These clips were all processed from their original form, into the kaleidoscopic visuals that you see in this video. Many people visit these large cities every day, and all of these places have been shot and filmed, but I wanted to emulate these urban landscapes in a way that nobody has even seen before. I wanted to put man-made geometric shapes, mixed with elements of color and movement to create less of a structured video, and more of a plethora of visual stimulation.
And a plethora of visual stimulation it is indeed. The fun part for me was trying to recognize all of the different cities as the patterns become more abstract and chaotic. Amazing editing. I definitely suggest watching it full-screen with HD turned on. (via vimeo)
Calgary-based artists Caitlind r.c. Brown and Wayne Garrett (previously) swung by Chicago this month and installed this amazing interactive lighting solution called Cloud Ceiling at Progress Bar. Constructed from hand-bent steel, reflective mylar, electronics, motion sensors, LEDs, and 15,000 re-appropriated incandescent light bulbs, the cloud is now a permanent fixture in the bar which opened earlier this week. Motion sensors embedded in the ceiling cause the cumulous surface of light bulbs to illuminate, effectively ‘mapping’ a lit path through the cloud as bar patrons move through the space.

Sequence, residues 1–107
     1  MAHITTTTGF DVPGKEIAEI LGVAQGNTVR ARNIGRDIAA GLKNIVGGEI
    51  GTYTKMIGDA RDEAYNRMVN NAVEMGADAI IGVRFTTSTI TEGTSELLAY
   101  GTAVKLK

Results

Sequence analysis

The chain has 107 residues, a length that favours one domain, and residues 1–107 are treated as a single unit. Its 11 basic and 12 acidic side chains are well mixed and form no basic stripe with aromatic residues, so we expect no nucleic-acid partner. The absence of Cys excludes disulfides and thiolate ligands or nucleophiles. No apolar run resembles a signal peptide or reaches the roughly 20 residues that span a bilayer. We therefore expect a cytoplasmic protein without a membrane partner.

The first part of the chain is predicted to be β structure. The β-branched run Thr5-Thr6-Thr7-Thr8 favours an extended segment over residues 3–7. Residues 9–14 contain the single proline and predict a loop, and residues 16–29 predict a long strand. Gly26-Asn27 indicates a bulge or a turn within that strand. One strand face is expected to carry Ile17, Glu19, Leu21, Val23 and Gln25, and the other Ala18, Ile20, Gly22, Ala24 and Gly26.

Brown and Garret were featured in this space last year, for a similar interactive cloud installed at Nuit Blanche Calgary. You can learn more about Cloud Ceiling here.
Many painters working from photographic source material employ a wide variety of techniques to arrive at a final image. This will involve anything from loose sketching beforehand to complex grids, where a photograph is translated into paint box by box. Such is not the case with British painter Nathan Walsh who instead relies on elaborate drawings reminiscent of architectural blueprints before every committing paint to canvas. This deep reverence for the underpinning geometry and perspective gives each work a sense of life that might otherwise not be present in something created with the mechanical aid of a camera or software.
Walsh tells me his primary source materials are not photographs but pencil sketches drawn on-site, for example the Chicago pieces above began from over 100 drawings he then references in his studio. In this way he can easily alter the position and size of any particular element, a process he likens to “building a world from scratch”. Personally I think the process is more akin to building the entire world in his mind so he can better represent it later in his paintings, each of which takes up to 3-4 months to complete. Via his website: